A Hall Effect Sensor or a Hall Effect Device is a transducer which varies its output voltage in response to changes in magnetic field.
Unlike reed contacts, Hall Effect Devices require amplification circuits and an external power source for operation.
A Hall effect sensor (or simply Hall sensor) is a type of sensor which detects the presence and magnitude of a magnetic field using the Hall effect. The output voltage of a Hall sensor is directly proportional to the strength of the field. It is named for the American physicist Edwin Hall.
Hall sensors are used for proximity sensing, positioning, speed detection, and current sensing applications. Frequently, a Hall sensor is combined with threshold detection to act as a binary switch. Commonly seen in industrial applications such as the pictured pneumatic cylinder, they are also used in consumer equipment; for example, some computer printers use them to detect missing paper and open covers.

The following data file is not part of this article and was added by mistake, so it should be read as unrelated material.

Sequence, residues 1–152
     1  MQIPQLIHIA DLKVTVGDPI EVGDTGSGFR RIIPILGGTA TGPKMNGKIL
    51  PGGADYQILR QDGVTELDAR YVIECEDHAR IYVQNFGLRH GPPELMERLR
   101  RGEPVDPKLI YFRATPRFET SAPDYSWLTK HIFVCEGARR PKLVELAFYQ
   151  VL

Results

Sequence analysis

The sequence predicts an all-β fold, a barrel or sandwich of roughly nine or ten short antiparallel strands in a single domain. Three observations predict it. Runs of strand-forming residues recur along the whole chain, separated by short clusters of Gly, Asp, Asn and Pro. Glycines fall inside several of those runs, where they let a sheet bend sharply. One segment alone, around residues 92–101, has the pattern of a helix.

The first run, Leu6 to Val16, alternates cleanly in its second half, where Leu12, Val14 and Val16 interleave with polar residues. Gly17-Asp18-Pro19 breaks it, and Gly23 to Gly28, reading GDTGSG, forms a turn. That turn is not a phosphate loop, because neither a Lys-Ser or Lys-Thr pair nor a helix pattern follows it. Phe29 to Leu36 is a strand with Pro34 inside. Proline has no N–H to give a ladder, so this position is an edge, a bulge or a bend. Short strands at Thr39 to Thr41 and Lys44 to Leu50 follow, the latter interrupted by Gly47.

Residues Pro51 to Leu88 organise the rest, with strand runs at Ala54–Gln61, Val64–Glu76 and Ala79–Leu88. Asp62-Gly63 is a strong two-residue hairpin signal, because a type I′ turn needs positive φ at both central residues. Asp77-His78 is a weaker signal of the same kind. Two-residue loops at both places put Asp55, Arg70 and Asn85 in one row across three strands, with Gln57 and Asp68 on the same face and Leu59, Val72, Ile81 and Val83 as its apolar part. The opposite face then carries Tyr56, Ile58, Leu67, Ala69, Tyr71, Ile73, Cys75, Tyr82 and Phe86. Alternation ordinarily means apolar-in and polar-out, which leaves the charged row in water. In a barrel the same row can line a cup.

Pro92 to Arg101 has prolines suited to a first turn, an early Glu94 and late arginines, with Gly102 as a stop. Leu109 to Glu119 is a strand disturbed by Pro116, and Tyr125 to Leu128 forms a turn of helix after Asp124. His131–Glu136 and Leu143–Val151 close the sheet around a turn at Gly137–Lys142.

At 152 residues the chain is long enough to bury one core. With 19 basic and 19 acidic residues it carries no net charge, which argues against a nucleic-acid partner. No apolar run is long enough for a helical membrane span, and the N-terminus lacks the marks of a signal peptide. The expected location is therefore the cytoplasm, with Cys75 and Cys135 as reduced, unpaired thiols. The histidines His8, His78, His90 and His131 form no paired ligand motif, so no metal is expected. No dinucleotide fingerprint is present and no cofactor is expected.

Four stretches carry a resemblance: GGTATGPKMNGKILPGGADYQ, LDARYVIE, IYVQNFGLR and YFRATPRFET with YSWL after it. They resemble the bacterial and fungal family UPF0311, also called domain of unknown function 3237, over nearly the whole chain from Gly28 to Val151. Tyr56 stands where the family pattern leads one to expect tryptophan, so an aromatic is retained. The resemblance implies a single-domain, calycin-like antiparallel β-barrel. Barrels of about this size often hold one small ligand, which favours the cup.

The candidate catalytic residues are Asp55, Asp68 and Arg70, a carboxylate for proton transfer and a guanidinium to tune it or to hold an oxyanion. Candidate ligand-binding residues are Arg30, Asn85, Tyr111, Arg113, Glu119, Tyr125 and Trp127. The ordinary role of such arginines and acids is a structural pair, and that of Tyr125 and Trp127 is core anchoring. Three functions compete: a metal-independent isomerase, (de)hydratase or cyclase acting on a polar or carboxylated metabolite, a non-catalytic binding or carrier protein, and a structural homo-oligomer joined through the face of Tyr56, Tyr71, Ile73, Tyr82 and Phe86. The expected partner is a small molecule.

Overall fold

Hall sensors are commonly used to time the speed of wheels and shafts, such as for internal combustion engine ignition timing, tachometers and anti-lock braking systems. They are used in brushless DC electric motors to detect the position of the permanent magnet. In the pictured wheel with two equally spaced magnets, the voltage from the sensor peaks twice for each revolution. This arrangement is commonly used to regulate the speed of disk drives.